September 30, 1997 – BellSouth filed its section 271 application for South Carolina with the FCC.
November 6, 1997 – BellSouth filed its first section 271 application for Louisiana with the FCC.
December 24, 1997 – The FCC denied BellSouth’s section 271 application for South Carolina. The Commission concluded that 1) that BellSouth failed to show that it provided nondiscriminatory access to its operations support systems (OSS) to competitors, 2) BellSouth failed to show that it is providing access to portions of its network, or "unbundled network elements," in a manner that allows competing carriers to combine these elements to provide service, and 3) BellSouth's failure to offer certain individually tailored customer contracts, or Contract Service Arrangements (CSAs), at a wholesale discount to competing carriers violated of the Communications Act and the Commission's implementing regulations.
February 4, 1998 – The FCC denied BellSouth’s first section 271 application for Louisiana, concluding that BellSouth had not demonstrated that it provides competing carriers nondiscriminatory access to its operations support systems (OSS) functions. In addition, the FCC concluded that BellSouth's refusal to offer contract service arrangements for resale at a wholesale discount violates the requirement in section 271(c)(2)(B)(xiv) that a Bell Operating Company (BOC) must make telecommunications services available for resale in accordance with the competitive checklist.
April 6, 1998 – Bell Atlantic filed a Pre-Filing Statement with the New York Commission. The Pre-Filing Statement included a number of commitments including: 1) to provide combinations of elements (including the platform of loops, switches and transport (UNE-P) as a minimum service offering); 2) to engage a third-party to test Bell Atlantic’s Operations Support Systems (OSS); and 3) to establish a self-effectuating system to prevent backsliding. Additionally, Bell Atlantic obtained a comprehensive third-party test of its wholesale support systems. This was conducted by KPMG Peat Marwick (KPMG) and Hewlett Packard under the supervision of the New York Commission. Together, the New York Commission and KPMG created an open testing environment--consulting with interested parties, issuing draft plans and reports, and reporting in detail on issues of serious concern.
July 9, 1998 – BellSouth filed its second section 271 application for Louisiana with the FCC.
October 13, 1998 – The FCC denied BellSouth’s second section 271 application for Louisiana, concluding that it did not satisfy the statutory requirements.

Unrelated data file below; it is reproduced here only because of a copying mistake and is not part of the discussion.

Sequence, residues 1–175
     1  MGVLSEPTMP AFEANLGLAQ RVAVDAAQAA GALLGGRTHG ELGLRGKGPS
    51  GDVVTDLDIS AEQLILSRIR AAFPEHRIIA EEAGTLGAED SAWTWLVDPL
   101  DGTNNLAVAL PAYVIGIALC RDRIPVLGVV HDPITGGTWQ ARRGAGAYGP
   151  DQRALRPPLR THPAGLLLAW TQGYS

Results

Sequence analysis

January 1999 – The Supreme Court upheld most of the Commission’s fundamental determinations in the Local Competition Order, while remanding the Commission’s unbundling rules for further consideration.
August 6, 1999 – KPMG Peat Marwick released its final third-party report on its test of Bell Atlantic’s wholesale support systems and plan to ensure adequate continuing wholesale performance.
September 15, 1999 – The FCC adopted a revised list of unbundling rules in response to the Supreme Court.
September 29, 1999 - Bell Atlantic filed its section 271 application to offer long distance service in New York with the FCC.
October 18, 1999 – The New York Commission submitted its evaluation of Bell Atlantic’s application, stating that Bell Atlantic-NY has met the checklist requirements of section 271.
November 1, 1999 – The Department of Justice filed its evaluation. The Department of Justice found that "Bell Atlantic has completed most – but not all - of the actions needed to achieve a fully and irreversibly open market in New York." The Department expressly reserved judgment, however, on whether the facts in the record established compliance with the legal requirements of the competitive checklist or the Commission’s rules.
December 21, 1999 – The FCC grants Bell Atlantic’s application to enter the long distance market in New York State based on its conclusion that Bell Atlantic has taken the statutorily required steps to open its local exchange and exchange access markets to competition.